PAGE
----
Verna J. Kirkness, C.M., O.M.
Verna Jane Kirkness is a member of the Fisher River Cree Nation, pioneer and lifelong advocate of excellence in Indigenous education who has been influential in Canadian Indigenous policy and practice. She has inspired countless students and educators in both Indigenous and non-Indigenous communities and furthered institutions of distinction in Indigenous education for future generations.
It all began as a childhood dream for Kirkness who loved school and secretly dreamed of becoming a teacher. With no role models, over the course of her education on the reserve, she managed to keep her dream alive by becoming a teacher, a principal, a counsellor, a supervisor of schools, a curriculum consultant, then entering the area of policy development in the 1970s. She became the first education director of the Manitoba Indian Brotherhood (Assembly of Manitoba Chiefs) followed by her position as education director for the National Indian Brotherhood (Assembly of First Nations). With these organizations she played a key role in developing new directions in both the policies of the Manitoba Chiefs, Wahbung: Our Tomorrows (1971) and in 1972 national landmark policy of Indian Control of Indian Education. These two major works have shaped the educational agenda of First Nations education in Manitoba and across the country to the present day.
In 1981, Kirkness continued her career at the University of British Columbia as the Director of the Native Indian Teacher Education Program. This led to other appointments where she worked to extend new programs, cultural enrichment, access and support services to Indigenous students. She created the Ts”kel Graduate Program and became the first director of the First Nations House of Learning and was instrumental in the conception and construction of the First Nations Longhouse, which serves as a home away from home for Indigenous students. She is an associate professor emeritus of the University of British Columbia.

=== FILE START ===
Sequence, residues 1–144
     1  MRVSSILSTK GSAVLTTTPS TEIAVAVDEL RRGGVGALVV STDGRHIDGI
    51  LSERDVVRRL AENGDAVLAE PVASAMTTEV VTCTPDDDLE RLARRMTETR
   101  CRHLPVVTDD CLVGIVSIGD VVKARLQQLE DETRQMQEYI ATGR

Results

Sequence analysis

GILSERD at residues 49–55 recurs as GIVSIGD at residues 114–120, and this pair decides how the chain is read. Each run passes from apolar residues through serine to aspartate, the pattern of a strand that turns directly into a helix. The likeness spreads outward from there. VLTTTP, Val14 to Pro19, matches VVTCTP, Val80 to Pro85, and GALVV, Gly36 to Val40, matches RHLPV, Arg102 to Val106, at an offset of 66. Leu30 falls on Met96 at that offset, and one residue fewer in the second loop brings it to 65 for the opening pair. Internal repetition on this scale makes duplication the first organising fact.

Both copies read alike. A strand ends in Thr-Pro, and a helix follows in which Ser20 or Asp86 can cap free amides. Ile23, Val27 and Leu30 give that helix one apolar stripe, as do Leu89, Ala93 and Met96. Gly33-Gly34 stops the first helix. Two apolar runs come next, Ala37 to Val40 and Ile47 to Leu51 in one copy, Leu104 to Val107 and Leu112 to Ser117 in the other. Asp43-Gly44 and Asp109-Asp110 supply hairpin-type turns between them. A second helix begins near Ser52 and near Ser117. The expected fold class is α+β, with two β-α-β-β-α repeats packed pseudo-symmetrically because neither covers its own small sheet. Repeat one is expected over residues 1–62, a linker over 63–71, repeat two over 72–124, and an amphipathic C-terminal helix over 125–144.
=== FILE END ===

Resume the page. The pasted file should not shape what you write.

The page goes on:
Kirkness is the author of several books including her autobiography: Creating Space, My Life and Work in Indigenous Education (2013). As well, she has contributed chapters to books and articles in a number of education journals in Canada and internationally. Probably the most widely read is the article co-authored with Dr. Ray Barnhardt entitled First Nations and Higher Education: The Four R’s - Respect, Relevance, Reciprocity, Responsibility first published in 1993 in Knowledge Across Cultures: Universities East and West, published in English, French and Chinese.
Kirkness has received numerous awards spanning more than five decades. Among them are the Golden Eagle Feather Award (1988) Canadian Educator of the Year (1990), National Aboriginal Achievement Award (1994), Canadian Who’s Who (2001), Order of Canada (1998), Order of Manitoba (2007), the Queen’s Diamond Jubilee (2012) and honorary doctorates. The Verna J. Kirkness Institute of Higher Learning at Fisher River (2002) and Verna J. Kirkness Science and Engineering Program have been named in her honor (2008). Among the honours she has received are Eagle Feathers, the highest honour conferred by Aboriginal people.